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Reddit moderation being taken over by bots—and that's a good thing

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Social news site Reddit is on the verge of a robot takeover. But don’t fear, human redditors. That’s a very good thing.

The AutoModerator bot takes many of the monotonous chores of Reddit moderation out of the hands of real people. Shortly after its release, the bot’s being used in more than 54 Reddit sections. And once it infiltrates more of the site’s top communities, it will vastly improve the Reddit experience for millions of people. And they’ll probably never even know it.

The gears that turn the Reddit machine are pretty much entirely human—volunteer moderators who spend countless hours of their free time on the site. Their main tasks are pretty simple, though time-consuming: make sure posts to their subreddits don’t violate the rules. (And keep the posts on topic; you shouldn’t post a Skyrim screen capture in r/mylittlepony, for instance.) And they fix posts that have been incorrectly labeled as spam by Reddit’s filter.

It’s that second responsibility that affects the most people. Reddit’s spam filter isn’t so smart. It frequently marks things as spam that are clearly not—if your legitimate submission has simply disappeared, it’s probably because the spam filter unfairly throttled it.

The only way to fix this pretty big problem is to message the moderators. Did we mention they’re all volunteers? It’s not like they’re getting paid to hang out on Reddit all day. If no moderators are around to catch your incorrectly spammed submission, you’re pretty much out of luck.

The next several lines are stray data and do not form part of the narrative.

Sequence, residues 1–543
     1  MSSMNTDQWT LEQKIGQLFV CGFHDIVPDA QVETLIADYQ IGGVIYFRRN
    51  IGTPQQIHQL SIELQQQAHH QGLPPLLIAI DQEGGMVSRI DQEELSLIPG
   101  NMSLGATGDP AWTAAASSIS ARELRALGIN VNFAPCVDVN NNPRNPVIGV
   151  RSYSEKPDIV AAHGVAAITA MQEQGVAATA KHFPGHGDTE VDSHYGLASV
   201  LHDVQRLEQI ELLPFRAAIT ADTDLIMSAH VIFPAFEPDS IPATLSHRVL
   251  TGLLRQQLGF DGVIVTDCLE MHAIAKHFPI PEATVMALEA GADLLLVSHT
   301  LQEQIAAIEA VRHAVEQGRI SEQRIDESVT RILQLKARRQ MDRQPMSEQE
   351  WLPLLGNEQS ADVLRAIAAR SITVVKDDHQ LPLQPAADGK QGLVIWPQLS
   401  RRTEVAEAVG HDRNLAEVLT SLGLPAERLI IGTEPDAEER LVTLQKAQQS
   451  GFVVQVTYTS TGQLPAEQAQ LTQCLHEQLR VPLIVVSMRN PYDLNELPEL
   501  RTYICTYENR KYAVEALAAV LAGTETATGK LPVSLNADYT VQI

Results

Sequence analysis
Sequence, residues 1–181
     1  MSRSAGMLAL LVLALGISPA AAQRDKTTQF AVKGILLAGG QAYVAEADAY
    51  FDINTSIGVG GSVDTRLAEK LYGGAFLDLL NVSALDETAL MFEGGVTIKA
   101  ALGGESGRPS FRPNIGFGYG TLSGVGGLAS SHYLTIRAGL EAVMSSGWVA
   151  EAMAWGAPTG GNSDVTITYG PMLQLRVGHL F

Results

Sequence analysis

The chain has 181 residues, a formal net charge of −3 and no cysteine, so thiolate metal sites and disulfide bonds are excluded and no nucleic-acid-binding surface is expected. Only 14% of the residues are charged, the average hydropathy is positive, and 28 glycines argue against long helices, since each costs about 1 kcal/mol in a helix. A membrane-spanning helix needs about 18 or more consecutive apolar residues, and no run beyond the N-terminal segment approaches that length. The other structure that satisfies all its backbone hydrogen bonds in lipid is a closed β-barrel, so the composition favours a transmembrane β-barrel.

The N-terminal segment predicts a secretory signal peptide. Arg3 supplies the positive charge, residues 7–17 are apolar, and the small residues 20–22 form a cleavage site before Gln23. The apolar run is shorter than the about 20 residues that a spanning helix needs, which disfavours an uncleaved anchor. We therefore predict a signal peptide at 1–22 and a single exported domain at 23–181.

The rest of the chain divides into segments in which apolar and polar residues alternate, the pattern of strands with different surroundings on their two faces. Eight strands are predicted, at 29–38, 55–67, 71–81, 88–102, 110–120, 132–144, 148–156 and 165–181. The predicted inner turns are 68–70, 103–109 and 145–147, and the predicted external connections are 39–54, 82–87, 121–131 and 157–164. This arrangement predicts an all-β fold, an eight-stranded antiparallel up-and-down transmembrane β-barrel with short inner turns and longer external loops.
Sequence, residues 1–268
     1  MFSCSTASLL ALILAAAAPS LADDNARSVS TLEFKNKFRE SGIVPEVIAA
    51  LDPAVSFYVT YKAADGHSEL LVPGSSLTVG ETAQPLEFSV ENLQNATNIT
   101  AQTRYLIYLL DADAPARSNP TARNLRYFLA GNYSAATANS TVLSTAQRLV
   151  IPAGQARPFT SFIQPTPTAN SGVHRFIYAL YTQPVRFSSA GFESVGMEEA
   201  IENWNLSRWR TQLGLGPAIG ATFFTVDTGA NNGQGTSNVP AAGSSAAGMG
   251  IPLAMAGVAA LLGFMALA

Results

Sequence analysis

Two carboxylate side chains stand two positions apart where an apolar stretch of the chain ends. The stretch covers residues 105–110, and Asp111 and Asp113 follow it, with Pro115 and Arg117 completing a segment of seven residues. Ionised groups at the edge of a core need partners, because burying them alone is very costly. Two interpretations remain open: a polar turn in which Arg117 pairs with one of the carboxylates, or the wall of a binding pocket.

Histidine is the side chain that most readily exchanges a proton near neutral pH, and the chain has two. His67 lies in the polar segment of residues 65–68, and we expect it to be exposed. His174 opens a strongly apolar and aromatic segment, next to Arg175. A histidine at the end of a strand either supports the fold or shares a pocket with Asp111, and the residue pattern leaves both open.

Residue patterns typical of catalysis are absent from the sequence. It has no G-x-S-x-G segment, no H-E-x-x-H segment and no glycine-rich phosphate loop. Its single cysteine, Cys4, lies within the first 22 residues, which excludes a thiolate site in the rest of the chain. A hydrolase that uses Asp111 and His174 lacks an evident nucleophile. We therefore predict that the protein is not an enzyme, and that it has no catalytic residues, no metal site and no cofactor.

“In an active subreddit, having your submission filtered for more than about 20 minutes can practically guarantee that it won't be seen by many people,” Deimorz, the Reddit moderator who created the bot, explained to the Daily Dot.

This happens all the time. And the victims aren’t just the posters. If a really good submission gets incorrectly labeled as spam, the subreddit’s subscribers miss out on great content, and finding great content is really the whole point of Reddit.

So Deimorz, who helps some pretty big sections on the site, including the million-strong r/gaming, decided to do something about it. His AutoModerator bot pretty much fixes all these problems. It makes sure that a moderator is always there, correcting the spam filter’s errors and just generally automating all those simple, monotonous, and time-consuming moderator tasks.

Deimorz gave a couple of examples:

/r/Music uses the bot to automatically approve any submissions from YouTube. In the two weeks they've been using the bot, this has approved almost 1000 submissions that were initially filtered. Unless manually fixed by the moderators, none of these submissions would have ever been visible to visitors to the subreddit. Some smaller subreddits even use the bot to approve anything that gets filtered, because they don't have issues with spam, and the subscribers voting can handle any inappropriate submissions, so it's unnecessary to have anything filtered by default.

The potential benefits are actually pretty limitless. Deimorz isn’t some amateur computer programmer. It’s his real life job, and he made sure the make the bot’s functions are as customizable as possible. (He publicly released its code yesterday.)

That means that as the bot proliferates across Reddit, it can be tinkered with and tweaked, refined into a thousand different iterations to help make Reddit run more smoothly.

Bots aren’t entirely new to Reddit. The site releases its source code publicly, so ambitious or just bored programmers can play around as much as they want. One popular bot posts plain text transcriptions of links to tweets on Twitter; another searches for image reposts and links to the original submission.

Those generally provide a service in Reddit’s comment section; Deimorz’s bot, by targeting moderation, has a potentially much bigger effect on the Reddit user experience.

And he’s not nearly finished.

“There are still a lot of features I'd like to add to it,” Deimorz wrote.

The Reddit robot invasion is just beginning.